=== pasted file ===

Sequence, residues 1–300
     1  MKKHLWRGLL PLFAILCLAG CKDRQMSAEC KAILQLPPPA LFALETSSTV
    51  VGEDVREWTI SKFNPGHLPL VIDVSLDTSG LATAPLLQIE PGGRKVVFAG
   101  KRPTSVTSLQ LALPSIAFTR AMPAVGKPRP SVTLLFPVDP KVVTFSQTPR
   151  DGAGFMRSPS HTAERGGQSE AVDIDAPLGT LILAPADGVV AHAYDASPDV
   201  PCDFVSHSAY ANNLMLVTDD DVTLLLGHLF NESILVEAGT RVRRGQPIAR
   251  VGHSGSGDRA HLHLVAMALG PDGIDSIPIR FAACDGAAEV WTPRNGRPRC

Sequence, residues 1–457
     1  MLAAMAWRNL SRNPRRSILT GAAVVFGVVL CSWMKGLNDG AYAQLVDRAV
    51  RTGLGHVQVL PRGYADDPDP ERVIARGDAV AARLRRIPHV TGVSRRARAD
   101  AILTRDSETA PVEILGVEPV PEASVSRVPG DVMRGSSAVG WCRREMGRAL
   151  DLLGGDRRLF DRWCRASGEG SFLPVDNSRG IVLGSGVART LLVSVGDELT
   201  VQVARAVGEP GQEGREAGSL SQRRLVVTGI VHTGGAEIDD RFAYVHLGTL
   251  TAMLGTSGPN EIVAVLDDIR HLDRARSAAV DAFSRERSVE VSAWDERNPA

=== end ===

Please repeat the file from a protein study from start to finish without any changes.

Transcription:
Sequence, residues 1–300
     1  MKKHLWRGLL PLFAILCLAG CKDRQMSAEC KAILQLPPPA LFALETSSTV
    51  VGEDVREWTI SKFNPGHLPL VIDVSLDTSG LATAPLLQIE PGGRKVVFAG
   101  KRPTSVTSLQ LALPSIAFTR AMPAVGKPRP SVTLLFPVDP KVVTFSQTPR
   151  DGAGFMRSPS HTAERGGQSE AVDIDAPLGT LILAPADGVV AHAYDASPDV
   201  PCDFVSHSAY ANNLMLVTDD DVTLLLGHLF NESILVEAGT RVRRGQPIAR
   251  VGHSGSGDRA HLHLVAMALG PDGIDSIPIR FAACDGAAEV WTPRNGRPRC

Sequence, residues 1–457
     1  MLAAMAWRNL SRNPRRSILT GAAVVFGVVL CSWMKGLNDG AYAQLVDRAV
    51  RTGLGHVQVL PRGYADDPDP ERVIARGDAV AARLRRIPHV TGVSRRARAD
   101  AILTRDSETA PVEILGVEPV PEASVSRVPG DVMRGSSAVG WCRREMGRAL
   151  DLLGGDRRLF DRWCRASGEG SFLPVDNSRG IVLGSGVART LLVSVGDELT
   201  VQVARAVGEP GQEGREAGSL SQRRLVVTGI VHTGGAEIDD RFAYVHLGTL
   251  TAMLGTSGPN EIVAVLDDIR HLDRARSAAV DAFSRERSVE VSAWDERNPA